The Denver Nuggets did something similar a few years earlier. They weren’t necessarily infatuated with Nene Hilario, but they did not want to lose him for nothing, so they signed him to a multi-year deal and traded him just months later for JaVale McGee. In theory, the idea makes sense, but there are a couple things that need to be pointed out:

  1. You never lose a player for nothing. You always gain something – whether it is flexibility or opportunity. Yes, the Pelicans wouldn’t have had the money to sign adequate centers this summer, but they would have had more flexibility in future years. Or, maybe they give the opportunity to multiple guys hungry for an opportunity and found the next Hassan Whiteside, or a big man version of Robert Covington or Patrick Beverly. Maybe they find the next Gustavo Ayon, or heck, Alexis Ajinca. Again, you never lose a player for “nothing.”
  2. Denver continued to give Nene huge minutes after they re-signed him, making him appealing to trade for. Who is going to want to trade for a guy making $10 million a year that is barely getting 15 minutes per game? In order to make somebody want your asset, you have to at least pretend you want him first. The Pelicans aren’t currently doing that with Asik or Ajinca

So, the initial thought process made a lot of sense. Every bad plan looks good on paper at some point, otherwise a person would never try it. People don’t set out to fail, with the exception of the Producers of ‘Springtime for Hitler’. But to date, this plan does not seem to be working out, and it is unlikely that things will turn around drastically any time soon. Luckily, with the cap going way up (more on this later), these contracts won’t be the death blow that they would have been years ago, but we are talking about ideal here. Something being “not terrible” is never a reason to excuse it. In a league where only 1 out of 30 really “wins” at the end of the day, you need a bunch of “ideal” and very few “not terribles”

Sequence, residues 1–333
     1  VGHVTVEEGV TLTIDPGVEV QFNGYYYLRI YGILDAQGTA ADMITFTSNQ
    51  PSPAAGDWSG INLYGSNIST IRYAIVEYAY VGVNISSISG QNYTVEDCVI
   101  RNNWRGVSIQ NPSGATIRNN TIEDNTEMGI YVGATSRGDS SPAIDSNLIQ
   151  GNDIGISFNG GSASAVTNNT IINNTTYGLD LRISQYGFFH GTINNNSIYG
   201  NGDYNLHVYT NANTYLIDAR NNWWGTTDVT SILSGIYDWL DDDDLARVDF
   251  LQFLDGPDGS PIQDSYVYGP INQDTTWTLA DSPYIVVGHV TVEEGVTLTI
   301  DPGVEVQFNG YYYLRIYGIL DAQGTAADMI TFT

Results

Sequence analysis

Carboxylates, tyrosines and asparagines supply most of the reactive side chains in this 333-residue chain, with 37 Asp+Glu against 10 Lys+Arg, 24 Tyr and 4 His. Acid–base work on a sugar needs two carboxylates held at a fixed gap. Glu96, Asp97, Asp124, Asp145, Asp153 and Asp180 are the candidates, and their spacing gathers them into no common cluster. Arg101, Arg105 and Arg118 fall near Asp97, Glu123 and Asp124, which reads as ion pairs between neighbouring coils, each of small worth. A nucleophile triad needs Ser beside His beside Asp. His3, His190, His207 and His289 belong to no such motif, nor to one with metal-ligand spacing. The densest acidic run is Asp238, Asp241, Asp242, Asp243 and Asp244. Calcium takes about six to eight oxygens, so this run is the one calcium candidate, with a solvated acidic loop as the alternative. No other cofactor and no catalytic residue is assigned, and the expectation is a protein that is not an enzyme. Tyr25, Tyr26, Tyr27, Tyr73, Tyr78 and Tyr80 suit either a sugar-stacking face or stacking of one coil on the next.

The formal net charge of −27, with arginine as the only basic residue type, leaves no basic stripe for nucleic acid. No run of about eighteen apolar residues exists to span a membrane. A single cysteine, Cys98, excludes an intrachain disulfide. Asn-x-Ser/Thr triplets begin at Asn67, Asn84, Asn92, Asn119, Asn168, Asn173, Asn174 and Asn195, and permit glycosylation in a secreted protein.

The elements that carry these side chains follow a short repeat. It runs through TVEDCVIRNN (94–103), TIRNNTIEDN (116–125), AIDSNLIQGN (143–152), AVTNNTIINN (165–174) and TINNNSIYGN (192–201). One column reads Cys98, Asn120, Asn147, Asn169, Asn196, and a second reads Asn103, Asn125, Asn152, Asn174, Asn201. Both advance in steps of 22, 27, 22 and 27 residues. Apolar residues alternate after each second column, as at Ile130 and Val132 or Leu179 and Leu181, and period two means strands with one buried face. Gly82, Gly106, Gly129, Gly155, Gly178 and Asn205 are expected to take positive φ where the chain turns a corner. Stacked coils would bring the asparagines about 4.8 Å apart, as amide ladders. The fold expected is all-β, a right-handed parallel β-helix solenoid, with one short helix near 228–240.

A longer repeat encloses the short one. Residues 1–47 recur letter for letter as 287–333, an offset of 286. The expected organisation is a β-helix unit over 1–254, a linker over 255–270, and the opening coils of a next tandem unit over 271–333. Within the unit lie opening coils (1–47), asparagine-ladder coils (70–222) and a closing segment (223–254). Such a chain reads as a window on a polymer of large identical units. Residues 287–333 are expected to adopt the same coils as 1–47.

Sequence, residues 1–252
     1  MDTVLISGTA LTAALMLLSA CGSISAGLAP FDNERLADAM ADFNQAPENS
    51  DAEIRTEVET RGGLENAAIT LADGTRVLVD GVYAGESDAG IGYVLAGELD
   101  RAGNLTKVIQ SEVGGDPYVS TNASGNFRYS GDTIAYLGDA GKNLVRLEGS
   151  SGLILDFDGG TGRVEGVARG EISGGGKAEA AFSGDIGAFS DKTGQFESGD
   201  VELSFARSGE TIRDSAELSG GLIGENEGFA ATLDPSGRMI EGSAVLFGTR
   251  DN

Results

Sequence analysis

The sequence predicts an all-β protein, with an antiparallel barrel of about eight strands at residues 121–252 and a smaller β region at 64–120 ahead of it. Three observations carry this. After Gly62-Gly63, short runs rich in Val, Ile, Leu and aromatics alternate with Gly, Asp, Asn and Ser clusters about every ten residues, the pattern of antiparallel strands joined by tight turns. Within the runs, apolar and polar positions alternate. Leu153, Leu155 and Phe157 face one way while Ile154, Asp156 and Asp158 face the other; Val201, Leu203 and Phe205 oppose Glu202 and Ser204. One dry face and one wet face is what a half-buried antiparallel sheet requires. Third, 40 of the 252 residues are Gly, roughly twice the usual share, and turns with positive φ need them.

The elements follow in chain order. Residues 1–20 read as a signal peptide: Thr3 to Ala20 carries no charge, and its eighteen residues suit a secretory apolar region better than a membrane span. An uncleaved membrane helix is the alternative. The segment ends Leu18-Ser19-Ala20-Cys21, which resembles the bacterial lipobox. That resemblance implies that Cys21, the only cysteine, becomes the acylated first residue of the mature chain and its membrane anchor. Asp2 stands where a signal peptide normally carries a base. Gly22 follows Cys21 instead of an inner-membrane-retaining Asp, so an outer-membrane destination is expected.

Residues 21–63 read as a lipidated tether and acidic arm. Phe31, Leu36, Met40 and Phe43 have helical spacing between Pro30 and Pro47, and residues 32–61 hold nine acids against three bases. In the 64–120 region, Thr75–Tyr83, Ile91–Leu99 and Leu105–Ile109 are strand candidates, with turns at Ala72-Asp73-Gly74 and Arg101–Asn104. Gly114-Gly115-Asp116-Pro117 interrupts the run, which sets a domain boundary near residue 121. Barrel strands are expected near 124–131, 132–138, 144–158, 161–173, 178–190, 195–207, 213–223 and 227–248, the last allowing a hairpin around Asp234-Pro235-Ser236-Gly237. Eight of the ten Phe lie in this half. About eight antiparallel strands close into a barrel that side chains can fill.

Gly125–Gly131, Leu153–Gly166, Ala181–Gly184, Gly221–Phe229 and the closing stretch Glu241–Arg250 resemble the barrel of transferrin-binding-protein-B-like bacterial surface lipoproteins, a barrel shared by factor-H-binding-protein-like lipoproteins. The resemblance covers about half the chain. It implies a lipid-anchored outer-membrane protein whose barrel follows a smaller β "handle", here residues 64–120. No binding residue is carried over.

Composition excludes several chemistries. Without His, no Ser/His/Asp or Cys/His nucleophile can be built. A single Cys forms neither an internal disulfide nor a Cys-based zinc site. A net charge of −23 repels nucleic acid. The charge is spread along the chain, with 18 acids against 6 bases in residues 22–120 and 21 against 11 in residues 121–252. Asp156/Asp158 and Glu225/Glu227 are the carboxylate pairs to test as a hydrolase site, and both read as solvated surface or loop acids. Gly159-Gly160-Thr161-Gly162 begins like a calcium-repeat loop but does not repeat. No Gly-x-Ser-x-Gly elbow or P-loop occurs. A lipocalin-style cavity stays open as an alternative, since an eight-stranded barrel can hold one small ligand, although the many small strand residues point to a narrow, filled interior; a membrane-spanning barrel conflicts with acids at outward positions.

So, What Happened?

One thing that might have turned everything on its head is the play of Ryan Anderson. From the front office and coaching staffs point of view, they saw a guy coming off a bad season, where his defense was horrific and his offense was only good at home. How could you let your bigs go and put all your faith in Anderson to do a 180? But he has, and now that leaves Gentry with an enviable problem of having too many quality big men. Anderson and Davis are the Pelicans best weapons, and only help each other when they are on the court together. To compound that point, the Pelicans are terrible when you pair Anderson up with any other big, so if you have to put him on the court when AD is there, then that leaves very little time for a traditional center. Again, not the worse problem to have, but if the team would have anticipated this, they likely wouldn’t have signed both bigs.

Injuries, and the inability for either Asik or Ajinca to have a full training camp likely factored into the equation as well. Both started off the season physically and mentally behind, while Anderson and Davis have been there day in and day out, practically. With the team desperate for any win they can get, Gentry doesn’t have the time to experiment as much as he would like, and this has likely cost the two bigs some opportunities as well. Can Asik and Anderson work together with the right guards and wings around them? Maybe, but Gentry doesn’t have time to experiment, he has to win games now. That luxury is gone.